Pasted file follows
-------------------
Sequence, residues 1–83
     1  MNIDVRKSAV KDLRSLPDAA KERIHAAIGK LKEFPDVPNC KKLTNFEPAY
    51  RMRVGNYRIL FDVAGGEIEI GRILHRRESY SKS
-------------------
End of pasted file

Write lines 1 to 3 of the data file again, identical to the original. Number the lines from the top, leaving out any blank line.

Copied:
Sequence, residues 1–83
     1  MNIDVRKSAV KDLRSLPDAA KERIHAAIGK LKEFPDVPNC KKLTNFEPAY
    51  RMRVGNYRIL FDVAGGEIEI GRILHRRESY SKS